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Old 12-20-2018, 12:02 PM   #1
2Jumpy
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Default Getting control over feeling constant fear

Any tips for calming down a constant flight/fight fear feeling? Exercise seems to make it worse and then I feel like literally running away. Meditation attempts leave me feeling like a sitting duck that is going to be pounced on. Breathing exercises cause me to practically hyperventilate. I can't get my resting heart rate under 100 bpm, for the last week. It's typically around 78 resting.

I am a married woman in my mid 40's and have had anxiety and depression since age 18. In the past, I have been able to overcome it with exercise, therapy, antidepressants and Xanax once or twice a year for a panic attack. But my husband has been having massive anger issues/job issues, etc. that he is trying to get help for but it is taking months. And his constant bad mood and outbursts has now left me feeling so jumpy that I feel nauseous 24/7 and am shaking daily.

Why can't I get more control over myself? I know that I can't control others, I can only control myself. So why can't I get a hold of myself? Just knowing he is going to walk in the door each night has me shaking. He doesn't hit me or anything. He is just always screaming at the TV or complaining about people or basically anything that is alive. It takes me until noon each day to just calm down after listening to him curse and swear as he is getting ready for work in the morning. Then I am calm for about an hour or two in the afternoon, until I realize that I have to see him again after work soon. Then I start to shake again.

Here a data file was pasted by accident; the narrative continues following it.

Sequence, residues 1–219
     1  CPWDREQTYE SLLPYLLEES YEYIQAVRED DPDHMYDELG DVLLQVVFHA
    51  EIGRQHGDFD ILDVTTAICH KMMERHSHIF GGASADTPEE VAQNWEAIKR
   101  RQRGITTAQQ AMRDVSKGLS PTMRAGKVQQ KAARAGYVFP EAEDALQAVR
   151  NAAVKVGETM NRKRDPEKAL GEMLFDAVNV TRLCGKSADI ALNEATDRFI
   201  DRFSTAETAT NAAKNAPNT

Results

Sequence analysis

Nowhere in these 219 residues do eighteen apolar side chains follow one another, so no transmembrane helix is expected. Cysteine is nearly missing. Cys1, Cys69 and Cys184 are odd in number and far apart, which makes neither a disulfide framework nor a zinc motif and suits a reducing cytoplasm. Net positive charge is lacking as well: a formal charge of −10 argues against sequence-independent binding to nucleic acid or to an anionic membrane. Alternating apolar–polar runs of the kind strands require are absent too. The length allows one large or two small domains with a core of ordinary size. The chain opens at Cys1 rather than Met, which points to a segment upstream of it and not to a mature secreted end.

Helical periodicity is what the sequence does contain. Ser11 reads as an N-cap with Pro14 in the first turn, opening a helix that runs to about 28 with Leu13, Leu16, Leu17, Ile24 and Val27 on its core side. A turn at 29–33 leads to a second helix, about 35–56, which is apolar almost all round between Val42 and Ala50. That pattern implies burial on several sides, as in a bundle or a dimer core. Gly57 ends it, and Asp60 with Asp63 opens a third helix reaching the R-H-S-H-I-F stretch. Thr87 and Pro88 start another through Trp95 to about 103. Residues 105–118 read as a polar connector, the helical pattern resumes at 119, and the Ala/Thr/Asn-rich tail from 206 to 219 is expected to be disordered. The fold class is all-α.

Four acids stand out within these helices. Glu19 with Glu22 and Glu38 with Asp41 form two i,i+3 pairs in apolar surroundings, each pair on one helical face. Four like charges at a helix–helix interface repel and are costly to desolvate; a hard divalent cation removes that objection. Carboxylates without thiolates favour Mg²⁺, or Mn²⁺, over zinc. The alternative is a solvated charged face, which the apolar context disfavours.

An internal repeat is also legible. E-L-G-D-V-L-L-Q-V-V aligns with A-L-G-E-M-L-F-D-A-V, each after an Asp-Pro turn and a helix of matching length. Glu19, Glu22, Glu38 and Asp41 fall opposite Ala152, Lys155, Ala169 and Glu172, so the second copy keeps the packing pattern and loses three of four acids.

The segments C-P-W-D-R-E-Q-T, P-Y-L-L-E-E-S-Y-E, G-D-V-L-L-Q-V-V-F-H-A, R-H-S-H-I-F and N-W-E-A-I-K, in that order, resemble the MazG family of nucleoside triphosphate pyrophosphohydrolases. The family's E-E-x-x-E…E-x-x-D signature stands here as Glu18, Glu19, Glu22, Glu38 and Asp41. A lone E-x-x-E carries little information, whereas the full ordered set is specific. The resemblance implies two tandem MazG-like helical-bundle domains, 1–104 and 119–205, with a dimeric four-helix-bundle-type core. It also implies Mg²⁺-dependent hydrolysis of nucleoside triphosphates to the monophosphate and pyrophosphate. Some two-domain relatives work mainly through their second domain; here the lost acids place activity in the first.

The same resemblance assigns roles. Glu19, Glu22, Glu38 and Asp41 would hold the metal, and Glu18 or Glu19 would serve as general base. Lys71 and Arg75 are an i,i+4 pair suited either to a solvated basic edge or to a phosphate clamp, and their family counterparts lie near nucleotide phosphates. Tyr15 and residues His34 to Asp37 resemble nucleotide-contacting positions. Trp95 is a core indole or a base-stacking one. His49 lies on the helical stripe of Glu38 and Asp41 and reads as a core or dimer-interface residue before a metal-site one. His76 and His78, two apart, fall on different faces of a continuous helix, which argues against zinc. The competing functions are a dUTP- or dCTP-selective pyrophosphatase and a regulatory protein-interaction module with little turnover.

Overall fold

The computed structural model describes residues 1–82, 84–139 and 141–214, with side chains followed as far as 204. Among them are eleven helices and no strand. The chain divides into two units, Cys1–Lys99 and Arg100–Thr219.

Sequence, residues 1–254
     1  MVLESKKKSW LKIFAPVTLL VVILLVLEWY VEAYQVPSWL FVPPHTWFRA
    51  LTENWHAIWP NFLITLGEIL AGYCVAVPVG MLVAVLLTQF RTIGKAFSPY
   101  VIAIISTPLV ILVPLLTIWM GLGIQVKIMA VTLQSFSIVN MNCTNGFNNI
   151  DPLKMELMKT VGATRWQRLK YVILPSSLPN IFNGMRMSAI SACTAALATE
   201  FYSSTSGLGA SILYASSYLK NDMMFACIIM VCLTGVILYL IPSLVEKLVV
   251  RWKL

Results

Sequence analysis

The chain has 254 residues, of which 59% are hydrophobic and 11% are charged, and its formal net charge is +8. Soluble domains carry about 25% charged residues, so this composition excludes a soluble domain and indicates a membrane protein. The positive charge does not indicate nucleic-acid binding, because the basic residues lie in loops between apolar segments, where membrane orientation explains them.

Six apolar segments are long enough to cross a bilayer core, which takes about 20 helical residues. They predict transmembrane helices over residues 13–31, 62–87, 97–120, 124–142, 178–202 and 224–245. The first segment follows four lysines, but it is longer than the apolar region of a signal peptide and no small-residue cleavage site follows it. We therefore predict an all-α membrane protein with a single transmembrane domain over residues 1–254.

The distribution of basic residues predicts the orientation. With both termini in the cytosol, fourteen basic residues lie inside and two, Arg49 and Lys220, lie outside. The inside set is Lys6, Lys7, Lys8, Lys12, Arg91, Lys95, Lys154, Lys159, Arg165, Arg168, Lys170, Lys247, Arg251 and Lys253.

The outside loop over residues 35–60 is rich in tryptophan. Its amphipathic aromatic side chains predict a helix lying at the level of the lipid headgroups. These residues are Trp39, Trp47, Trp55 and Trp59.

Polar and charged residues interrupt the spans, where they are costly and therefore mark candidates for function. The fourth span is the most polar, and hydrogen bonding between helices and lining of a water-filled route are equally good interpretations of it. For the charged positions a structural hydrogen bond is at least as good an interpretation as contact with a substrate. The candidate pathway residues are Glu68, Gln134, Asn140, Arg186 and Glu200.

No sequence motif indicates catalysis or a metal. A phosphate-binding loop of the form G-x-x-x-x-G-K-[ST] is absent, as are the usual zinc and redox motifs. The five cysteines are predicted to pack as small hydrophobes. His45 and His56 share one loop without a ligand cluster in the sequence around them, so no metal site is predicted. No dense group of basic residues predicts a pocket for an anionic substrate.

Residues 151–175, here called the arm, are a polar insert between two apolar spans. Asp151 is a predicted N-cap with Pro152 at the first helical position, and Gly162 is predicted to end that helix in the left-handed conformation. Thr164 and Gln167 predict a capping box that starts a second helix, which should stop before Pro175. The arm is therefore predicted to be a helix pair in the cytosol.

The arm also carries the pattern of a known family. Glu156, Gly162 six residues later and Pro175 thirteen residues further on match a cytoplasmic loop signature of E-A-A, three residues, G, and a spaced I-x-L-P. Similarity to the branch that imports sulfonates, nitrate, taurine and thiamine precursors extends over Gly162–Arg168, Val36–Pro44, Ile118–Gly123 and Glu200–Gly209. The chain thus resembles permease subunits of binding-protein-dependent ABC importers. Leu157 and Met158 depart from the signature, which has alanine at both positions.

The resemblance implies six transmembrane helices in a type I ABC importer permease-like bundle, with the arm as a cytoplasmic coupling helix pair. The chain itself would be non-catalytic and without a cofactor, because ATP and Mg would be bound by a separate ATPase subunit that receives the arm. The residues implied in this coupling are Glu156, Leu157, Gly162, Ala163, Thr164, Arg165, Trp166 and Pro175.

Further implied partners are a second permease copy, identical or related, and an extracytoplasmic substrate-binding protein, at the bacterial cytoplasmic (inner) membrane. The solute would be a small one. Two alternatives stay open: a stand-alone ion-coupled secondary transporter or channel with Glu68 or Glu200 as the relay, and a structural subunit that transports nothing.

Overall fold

We have a treadmill and exercise equipment at home so I have tried to keep my distance from him when he gets home and tune his rants out. I listen to him tell about his day and when he is done I hop on the treadmill to calm down. But then he comes in every 5 minutes for the whole hour and stops me to say "hi". I feel controlled. I put ear phones in and try to zone out to music. But his coming in every 5 minutes to say "hi", forces me to remove my ear phones each time and negates the entire purpose. It is triggering my fight or flight response and I literally want to run away from him. Sometimes I want to scream at the top of my lungs to him to just stop it and leave me alone. I did this once, I just lost it and I feel awful about it.

I am trying to hang in there until he gets diagnosed and gets into therapy. But he keeps changing jobs and loosing our insurance so it keeps getting rescheduled. I can't go to therapy any more because of this also. He has drained our accounts and maxed out our debts so I can't find temporary help. I just feel like I am strapped into the passenger seat of plane that is being driven by a suicide bomber and I can't escape. I have started to drink a couple of beers every single night now just so I can calm down. I usually never drink. I can't keep doing that. I have Xanax but that's prescribed for the occasional panic attack and leaves me foggy brained all the next day at work, and then I make a ton of mistakes. So I don't use it.

What am I missing? Surely other people have to deal with much worse at home and are still able to function at work the next day. How do they do it? What's the secret?
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Old 12-20-2018, 12:39 PM   #2
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Default Re: Getting control over feeling constant fear